WASHINGTON -- The president of a Chandler investment company praised a government program that helps secure funds for small businesses, but told a House subcommittee Thursday that there is still room to improve the program.
It could start with something as simple as letting potential investors file documents electronically instead of requiring hard copies for the Small Business Administration's Small Business Investment Company program, said Steven Brown, president of Trinity Capital Investment.
"One of the major problems for SBIC funds is the inability of the SBA to accept documents electronically," Brown said, in testimony to the House Small Business Committee's Subcommittee on Investigations, Oversight and Regulations.
The oversight hearing was called to look at the 55-year-old SBIC program and make sure that it is fulfilling its mandate.
"Since the SBIC program exists to ensure that small businesses don't falter for lack of opportunity, we must be certain that the application process hasn't become too burdensome and complicated for compliance," said Rep. David Schweikert, R-Fountain Hills, in an opening statement. Schweikert is chairman of the subcommittee.
Brown testified that the program "provides the competitive source of capital for growing small businesses," which helps create jobs. But he also said that the process of applying to qualify his company to invest in the program "took longer than we expected."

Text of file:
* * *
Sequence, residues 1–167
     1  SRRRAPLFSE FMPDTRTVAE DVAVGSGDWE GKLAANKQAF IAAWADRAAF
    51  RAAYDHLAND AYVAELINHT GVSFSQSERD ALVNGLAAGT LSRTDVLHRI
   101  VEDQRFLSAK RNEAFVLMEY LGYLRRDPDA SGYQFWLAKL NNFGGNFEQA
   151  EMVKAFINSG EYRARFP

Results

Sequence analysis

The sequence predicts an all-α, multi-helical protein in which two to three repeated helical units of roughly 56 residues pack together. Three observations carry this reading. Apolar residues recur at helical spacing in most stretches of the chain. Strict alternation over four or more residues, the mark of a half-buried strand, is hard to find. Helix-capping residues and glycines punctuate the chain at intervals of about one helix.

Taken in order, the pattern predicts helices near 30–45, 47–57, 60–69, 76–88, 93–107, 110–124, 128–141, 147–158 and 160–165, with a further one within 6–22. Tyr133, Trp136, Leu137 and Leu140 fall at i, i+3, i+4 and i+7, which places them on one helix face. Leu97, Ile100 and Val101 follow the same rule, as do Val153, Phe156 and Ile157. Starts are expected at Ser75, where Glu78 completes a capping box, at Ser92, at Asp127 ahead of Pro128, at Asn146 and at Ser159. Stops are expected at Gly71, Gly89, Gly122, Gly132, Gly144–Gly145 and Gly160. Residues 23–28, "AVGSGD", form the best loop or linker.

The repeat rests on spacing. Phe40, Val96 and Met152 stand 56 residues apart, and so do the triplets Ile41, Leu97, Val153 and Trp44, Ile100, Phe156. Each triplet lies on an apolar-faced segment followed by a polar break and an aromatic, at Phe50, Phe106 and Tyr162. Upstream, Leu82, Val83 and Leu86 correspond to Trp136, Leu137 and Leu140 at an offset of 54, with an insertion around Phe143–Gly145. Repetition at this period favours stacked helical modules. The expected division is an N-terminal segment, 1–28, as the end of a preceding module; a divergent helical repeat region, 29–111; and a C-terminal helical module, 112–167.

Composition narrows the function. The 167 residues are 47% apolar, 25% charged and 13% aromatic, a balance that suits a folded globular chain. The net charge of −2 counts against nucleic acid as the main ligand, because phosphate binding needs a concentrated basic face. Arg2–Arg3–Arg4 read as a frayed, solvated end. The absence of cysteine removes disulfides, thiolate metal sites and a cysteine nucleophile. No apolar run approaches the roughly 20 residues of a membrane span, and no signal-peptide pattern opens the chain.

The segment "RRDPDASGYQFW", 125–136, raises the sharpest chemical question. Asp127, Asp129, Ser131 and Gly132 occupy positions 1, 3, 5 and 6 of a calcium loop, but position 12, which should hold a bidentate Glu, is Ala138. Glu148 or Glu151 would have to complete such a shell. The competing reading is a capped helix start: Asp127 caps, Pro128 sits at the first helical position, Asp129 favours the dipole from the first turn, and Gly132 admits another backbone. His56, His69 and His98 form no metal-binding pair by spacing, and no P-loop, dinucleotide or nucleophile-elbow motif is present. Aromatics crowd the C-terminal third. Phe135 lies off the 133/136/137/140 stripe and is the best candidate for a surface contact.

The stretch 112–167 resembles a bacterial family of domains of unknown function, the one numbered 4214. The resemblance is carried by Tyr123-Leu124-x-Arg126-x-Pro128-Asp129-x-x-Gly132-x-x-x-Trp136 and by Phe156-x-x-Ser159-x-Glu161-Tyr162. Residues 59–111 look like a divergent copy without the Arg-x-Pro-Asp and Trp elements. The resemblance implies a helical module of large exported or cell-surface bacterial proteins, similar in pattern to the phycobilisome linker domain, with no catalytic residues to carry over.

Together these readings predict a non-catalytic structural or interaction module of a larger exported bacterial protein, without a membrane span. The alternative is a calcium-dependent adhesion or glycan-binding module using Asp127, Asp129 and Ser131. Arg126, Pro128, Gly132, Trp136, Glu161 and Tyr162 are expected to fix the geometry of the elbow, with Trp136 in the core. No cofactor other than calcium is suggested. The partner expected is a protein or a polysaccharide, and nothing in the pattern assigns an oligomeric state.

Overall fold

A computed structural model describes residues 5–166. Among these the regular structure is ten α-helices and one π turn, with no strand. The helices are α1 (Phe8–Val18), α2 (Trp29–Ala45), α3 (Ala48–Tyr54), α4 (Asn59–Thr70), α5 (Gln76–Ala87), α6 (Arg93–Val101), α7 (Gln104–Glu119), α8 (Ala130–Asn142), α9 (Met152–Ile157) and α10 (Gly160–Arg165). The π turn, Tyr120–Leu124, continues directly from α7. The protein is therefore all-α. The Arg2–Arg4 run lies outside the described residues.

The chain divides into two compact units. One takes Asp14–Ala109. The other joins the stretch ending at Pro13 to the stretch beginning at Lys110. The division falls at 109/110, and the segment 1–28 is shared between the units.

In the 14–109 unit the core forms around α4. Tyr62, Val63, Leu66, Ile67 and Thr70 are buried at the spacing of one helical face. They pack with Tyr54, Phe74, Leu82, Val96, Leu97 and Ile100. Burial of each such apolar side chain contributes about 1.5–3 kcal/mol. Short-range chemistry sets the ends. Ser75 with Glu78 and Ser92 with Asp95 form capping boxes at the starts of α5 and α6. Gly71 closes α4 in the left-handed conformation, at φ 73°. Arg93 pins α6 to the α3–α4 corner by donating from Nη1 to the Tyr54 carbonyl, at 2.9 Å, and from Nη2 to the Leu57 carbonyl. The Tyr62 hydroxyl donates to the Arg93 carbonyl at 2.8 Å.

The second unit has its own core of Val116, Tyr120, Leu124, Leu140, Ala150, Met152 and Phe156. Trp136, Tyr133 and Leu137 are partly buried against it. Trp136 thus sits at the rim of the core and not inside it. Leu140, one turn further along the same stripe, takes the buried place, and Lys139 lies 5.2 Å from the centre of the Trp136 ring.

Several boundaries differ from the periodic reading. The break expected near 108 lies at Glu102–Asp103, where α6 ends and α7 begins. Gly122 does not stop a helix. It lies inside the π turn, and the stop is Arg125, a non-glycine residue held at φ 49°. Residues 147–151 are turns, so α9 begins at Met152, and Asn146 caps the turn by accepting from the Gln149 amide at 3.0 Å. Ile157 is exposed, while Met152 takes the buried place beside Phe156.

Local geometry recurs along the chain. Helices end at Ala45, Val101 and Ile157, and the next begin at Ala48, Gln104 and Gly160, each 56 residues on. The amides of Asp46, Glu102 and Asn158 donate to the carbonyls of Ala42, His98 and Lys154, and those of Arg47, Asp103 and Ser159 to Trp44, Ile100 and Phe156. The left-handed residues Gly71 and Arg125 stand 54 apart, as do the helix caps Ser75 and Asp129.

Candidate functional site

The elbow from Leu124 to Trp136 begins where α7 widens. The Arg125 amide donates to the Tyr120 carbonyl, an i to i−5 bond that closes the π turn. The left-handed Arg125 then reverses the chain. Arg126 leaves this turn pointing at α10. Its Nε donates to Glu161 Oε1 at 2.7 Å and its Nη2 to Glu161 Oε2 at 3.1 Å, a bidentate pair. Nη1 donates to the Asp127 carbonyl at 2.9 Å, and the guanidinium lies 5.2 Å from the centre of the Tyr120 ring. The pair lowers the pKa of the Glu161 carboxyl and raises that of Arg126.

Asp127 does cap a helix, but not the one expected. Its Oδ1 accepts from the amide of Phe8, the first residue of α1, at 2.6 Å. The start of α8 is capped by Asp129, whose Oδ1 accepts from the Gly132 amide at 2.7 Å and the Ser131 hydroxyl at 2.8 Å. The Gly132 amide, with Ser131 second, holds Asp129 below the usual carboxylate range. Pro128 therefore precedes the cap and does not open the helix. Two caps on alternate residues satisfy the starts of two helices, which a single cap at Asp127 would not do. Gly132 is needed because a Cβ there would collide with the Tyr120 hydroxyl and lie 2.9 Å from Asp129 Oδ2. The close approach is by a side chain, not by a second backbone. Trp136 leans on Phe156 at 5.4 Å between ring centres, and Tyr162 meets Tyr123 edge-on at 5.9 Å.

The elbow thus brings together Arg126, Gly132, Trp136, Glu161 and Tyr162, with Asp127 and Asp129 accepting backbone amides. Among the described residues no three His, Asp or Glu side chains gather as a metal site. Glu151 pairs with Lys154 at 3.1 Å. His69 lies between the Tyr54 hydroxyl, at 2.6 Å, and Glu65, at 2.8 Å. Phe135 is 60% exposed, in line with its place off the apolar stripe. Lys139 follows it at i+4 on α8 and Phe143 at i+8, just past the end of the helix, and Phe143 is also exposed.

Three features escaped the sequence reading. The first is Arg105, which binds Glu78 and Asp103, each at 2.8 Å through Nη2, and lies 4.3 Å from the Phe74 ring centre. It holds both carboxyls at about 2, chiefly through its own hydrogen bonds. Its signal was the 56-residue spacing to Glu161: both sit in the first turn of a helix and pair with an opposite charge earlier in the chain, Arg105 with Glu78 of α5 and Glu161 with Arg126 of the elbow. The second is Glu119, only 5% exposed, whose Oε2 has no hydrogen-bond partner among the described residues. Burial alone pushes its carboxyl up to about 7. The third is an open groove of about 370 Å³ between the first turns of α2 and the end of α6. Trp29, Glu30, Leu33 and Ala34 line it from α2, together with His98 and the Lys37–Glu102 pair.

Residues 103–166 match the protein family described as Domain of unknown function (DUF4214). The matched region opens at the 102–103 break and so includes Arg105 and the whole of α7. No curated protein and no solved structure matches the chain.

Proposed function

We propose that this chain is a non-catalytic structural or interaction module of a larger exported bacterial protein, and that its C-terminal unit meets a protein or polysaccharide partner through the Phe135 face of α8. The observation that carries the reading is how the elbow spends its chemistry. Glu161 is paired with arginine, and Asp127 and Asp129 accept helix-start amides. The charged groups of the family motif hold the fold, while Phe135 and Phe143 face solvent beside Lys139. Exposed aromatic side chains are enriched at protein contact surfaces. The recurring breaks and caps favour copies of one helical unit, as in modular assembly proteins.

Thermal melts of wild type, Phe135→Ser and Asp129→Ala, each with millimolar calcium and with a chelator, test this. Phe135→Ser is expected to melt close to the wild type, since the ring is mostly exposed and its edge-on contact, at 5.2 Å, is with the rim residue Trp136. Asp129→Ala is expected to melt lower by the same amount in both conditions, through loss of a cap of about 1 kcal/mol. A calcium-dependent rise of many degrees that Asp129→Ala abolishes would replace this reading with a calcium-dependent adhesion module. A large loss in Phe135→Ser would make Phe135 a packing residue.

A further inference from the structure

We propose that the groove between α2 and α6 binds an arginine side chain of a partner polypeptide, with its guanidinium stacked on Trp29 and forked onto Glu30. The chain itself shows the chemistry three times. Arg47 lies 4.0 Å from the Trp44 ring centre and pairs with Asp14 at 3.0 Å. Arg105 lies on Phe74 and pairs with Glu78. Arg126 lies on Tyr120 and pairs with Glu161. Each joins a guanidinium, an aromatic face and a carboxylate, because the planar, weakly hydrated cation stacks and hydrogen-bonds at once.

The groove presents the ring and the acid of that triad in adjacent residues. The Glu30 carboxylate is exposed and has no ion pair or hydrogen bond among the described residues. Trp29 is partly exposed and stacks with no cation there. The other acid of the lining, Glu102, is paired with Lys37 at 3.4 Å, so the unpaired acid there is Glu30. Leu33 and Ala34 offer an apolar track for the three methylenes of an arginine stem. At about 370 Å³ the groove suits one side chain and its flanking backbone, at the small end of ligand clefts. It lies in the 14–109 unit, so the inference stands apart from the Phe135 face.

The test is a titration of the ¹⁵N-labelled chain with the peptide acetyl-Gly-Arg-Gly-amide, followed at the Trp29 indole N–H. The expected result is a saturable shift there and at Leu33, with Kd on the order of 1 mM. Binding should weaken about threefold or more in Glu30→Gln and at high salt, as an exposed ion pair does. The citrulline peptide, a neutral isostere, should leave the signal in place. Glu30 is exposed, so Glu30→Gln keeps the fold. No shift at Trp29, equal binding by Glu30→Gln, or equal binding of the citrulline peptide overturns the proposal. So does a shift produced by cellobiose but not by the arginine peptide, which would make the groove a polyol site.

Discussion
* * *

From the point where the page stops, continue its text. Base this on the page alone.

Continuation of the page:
The Small Business Investment Company program is a public-private partnership created by Congress in 1958 to boost the availability of private equity capital available to small businesses, according to documents from the subcommittee.
The program has invested more than $60 billion in over 109,000 domestic small businesses since it started. It uses funds from private firms, like Brown's, that are licensed by SBA to invest capital backed by a federal guarantee.
But as it has grown in size, participating funds such as Brown's have seen problems during the application process.
Brown, testifying on behalf of the Small Business Investor Alliance, called for "a meaningful review and improvement in both the technological tools and the policies" affecting the program, including greater use of digital tools. That could speed the process and head off delays or loss of paper copies of critical documents, he said.
SBA acting associate administrator Pravina Raghavan said progress has been made, but that tight budgets have made the task harder.
"We have been under sequestration and also continuing (budget) resolution, which has made it a bit difficult to invest in technology," Raghavan said.
She said SBA is adopting a new system that will let annual financial reports be filed online.
Brown applauded those efforts, but also called for more transparency and efficiency in the licensing process. He said it currently takes too long, for example, from the time a company like his files a management assessment questionnaire to the time it is licensed by SBA.
The problems, however, did not affect Brown's support of the program.
"I believe it is a very well-run program and we are proud to be a part of it," he said during a break in the hearing.
He said he hopes his company, and the program, can help bring more capital to small businesses in Arizona.
"We hope we can help Arizona grow its economy as a result of being there and being licensed," Brown said.
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